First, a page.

The bureau’s offices sit high on a hill overlooking the town the federal government built after Hoover Dam laborers revolted against some of the harshest working conditions documented in U.S. history. They faced temperatures as high as 119 degrees in 1931 while living in tents with their families, who had to haul drinking water from the river by hand. Mothers wrapped their babies in wet sheets to prevent them from being overcome by the heat in the unrelenting desert sun.

They worked — some 5,500 men in all — for scrip redeemable only at the company store of the construction firm managing the project for the U.S. government until Franklin Delano Roosevelt took office in 1933. They first blasted tunnels to divert the river around the construction area for the dam and then spent years building the dam itself, pouring sections of concrete 660 feet wide at the base and tapering off as the structure rose 726 feet up the cavernous walls of Boulder Canyon. Workers built a railroad line to bring needed supplies to the site and an on-site steel plant to roll the pipe needed to make the dam and its power generators work.

The project took less than five years, killing 112 workers in the harsh drive to complete it. When it finally was finished, FDR journeyed to the distant desert in 1935 to dedicate the dam — with its elaborate Art Deco–style flooring and doors throughout its interior — before a statue of winged angels on the Nevada side.

The landscaping of the Bureau of Reclamation’s office building in Boulder City consists of natural desert vegetation and rocks. The Mediterranean-style structure, with light-colored stucco walls and a red-tiled roof, is impeccably maintained in this town, today a tourist gateway for 10 million recreational users of Lake Mead each year.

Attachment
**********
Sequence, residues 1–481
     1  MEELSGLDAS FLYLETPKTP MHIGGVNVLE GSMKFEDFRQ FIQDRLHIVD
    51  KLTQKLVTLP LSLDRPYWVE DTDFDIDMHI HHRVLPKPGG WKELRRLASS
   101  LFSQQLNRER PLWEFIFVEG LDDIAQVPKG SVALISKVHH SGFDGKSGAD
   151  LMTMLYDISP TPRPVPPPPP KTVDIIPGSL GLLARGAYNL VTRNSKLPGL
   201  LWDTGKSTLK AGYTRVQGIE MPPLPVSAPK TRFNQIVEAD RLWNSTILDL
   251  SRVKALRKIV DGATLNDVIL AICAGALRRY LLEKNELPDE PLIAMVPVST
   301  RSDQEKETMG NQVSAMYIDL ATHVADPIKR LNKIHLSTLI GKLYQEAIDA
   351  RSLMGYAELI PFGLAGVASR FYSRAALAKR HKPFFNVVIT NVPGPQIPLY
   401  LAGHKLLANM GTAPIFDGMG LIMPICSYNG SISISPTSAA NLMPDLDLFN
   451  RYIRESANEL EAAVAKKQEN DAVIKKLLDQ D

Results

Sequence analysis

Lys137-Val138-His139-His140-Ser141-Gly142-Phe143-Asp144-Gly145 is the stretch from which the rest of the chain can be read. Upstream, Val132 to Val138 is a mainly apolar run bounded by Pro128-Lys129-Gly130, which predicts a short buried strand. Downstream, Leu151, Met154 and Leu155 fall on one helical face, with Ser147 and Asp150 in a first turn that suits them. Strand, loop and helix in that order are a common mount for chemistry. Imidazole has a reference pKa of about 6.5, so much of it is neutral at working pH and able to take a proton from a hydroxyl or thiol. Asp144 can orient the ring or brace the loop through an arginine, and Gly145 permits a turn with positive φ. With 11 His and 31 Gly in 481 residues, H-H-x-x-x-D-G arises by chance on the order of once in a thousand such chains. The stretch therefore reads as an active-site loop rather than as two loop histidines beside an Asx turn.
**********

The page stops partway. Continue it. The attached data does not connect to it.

Bob Walsh, the bureau’s spokesperson, drives me out to Hoover Dam, a monument of engineering ingenuity and, as he explains, the cornerstone of a network of projects that have made the Colorado “the most regulated river in the world.” Walsh, a tall, friendly gray-haired man who has spent his career with the bureau, points out the white “bathtub ring” below the dark walls of the canyon as we approach the lake. The ring reveals the drop in the water level since the drought began in 2000, leaving the docks of recreational marinas on dry land and exposing the ruins of an old Mormon farming town that was inundated when the reservoir was filled.

Since 2000, almost half the water has been drained out of Lake Mead to supply the lower states and Mexico. Upstream, Lake Powell is one-third full. Bureau scientists and engineers project that even a return to normal precipitation in the sprawling river basin will never refill Lake Mead, but only stabilize it at a level 40 feet lower than today. They project, too, that it will take decades of normal precipitation for Lake Powell to refill. Only record wet weather will fill the reservoirs sooner, because unlike in the past, when not all of the river’s water was needed by people, today more is needed than flows even during a normal year.

Unless the Southwest can successfully manage its growth-driven water shortage, the bureau’s projections foretell of a day in my lifetime when Hoover Dam — in less than 100 years after it was built — could become but an idle curiosity, a ruin like the ancient pyramids of Egypt.


After touring the mighty dam, with its humming generators and rumbling water pipes deep within solid concrete walls, Walsh and I return to the bureau’s office on the hill to meet Bob Johnson, the lower Colorado regional director.